Salmon habitat restoration underway at Quil Ceda Creek

By Wade Sheldon, Tulalip News

With shovels in hands and the desire for a brighter future, not just for our community but also for the precious wildlife like the salmon, the Tulalip Tribes, in coordination with Adopt a Stream, hosted a tree planting event on Saturday, April 20, along Quil Ceda Creek. A celebration of Earth Day, nearly 100 people united for the finishing touches on this vital project to preserve salmon runs and combat global warming, locally. 

By creating shade along the creek, Tulalip hopes to counteract rising temperatures caused by global warming. With thousands of trees now planted, the goal is that 85% will thrive, helping maintain cooler water temperatures in the stream. This is crucial for the salmon habitat, as the trees will cover a little over a quarter mile of stream after their growth. This will ensure a lower temperature in the stream, a critical factor in keeping the fish healthy and thriving for years to come, thus preserving the salmon population. 

Quil Ceda Creek was in such poor condition that it was listed as impaired or threatened waters under the 303(d) list, a water quality assessment conducted by the Department of Ecology every two years. This provided an opportunity for the tribe to obtain a 319 grant from the Department of Ecology. The 319 grants, a crucial part of the Clean Water Act, provide funding to state and tribal agencies to improve various waterways. In this case, the grant allowed the tribe to receive substantial financial support to restore the creek. The funds were used to remove all invasive species and plant trees on both sides of the creek, up to a distance of 100 feet, a significant step towards restoring the creek’s ecosystem.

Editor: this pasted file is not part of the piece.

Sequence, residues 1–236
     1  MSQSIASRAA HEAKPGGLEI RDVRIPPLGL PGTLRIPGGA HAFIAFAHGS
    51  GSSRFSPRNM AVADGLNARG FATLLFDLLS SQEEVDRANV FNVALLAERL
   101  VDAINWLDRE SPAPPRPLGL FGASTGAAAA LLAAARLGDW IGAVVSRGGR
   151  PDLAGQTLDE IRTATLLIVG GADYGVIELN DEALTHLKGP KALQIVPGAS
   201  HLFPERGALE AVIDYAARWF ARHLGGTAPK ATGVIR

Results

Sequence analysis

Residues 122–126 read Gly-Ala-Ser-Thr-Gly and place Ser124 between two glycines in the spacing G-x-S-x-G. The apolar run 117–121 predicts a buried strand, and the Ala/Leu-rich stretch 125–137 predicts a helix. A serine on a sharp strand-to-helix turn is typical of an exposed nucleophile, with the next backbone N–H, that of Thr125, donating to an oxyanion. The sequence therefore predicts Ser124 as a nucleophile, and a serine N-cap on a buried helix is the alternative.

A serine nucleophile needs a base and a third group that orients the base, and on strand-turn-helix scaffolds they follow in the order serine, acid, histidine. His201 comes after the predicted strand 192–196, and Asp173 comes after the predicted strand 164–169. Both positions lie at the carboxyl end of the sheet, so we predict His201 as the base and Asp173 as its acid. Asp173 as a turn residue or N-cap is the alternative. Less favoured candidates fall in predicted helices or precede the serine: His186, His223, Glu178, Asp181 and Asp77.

“We received the grant about three years ago,” said Walter Rung, Adopt a Stream fish and wildlife habitat program manager. “Since then, we have had to do a lot of work to get it to where it is today. The main focus has been on providing shade to keep the water cool. Our summers seem to have been getting drier and hotter, so the shade these plants create will help combat that. If the water temperature goes above 68 degrees, it becomes lethal for the salmon, and it’s getting close to that temperature. When you look at the site, you’ll see that there are no native plants or shade, so this will be a great thing for the stream.”

Volunteers of all ages, including members of the Tulalip Tribes and local residents, gathered along the banks of Quil Ceda Creek, eager to contribute to the restoration efforts. With each tree planted, a sense of hope and determination filled the air as community members worked hand in hand to protect the ecosystem they hold dear. Their dedication reflects a shared commitment to preserving the creek’s natural beauty and safeguarding its inhabitants for future generations.

“I came to help plant trees for Earth Day,” Tulalip tribal youth JoyAnn Rose Higginbotham said. “This will help shade the stream for the salmon and provide the three c’s: cold, clean, and clear. This will help ensure me and my people can enjoy salmon for the future.”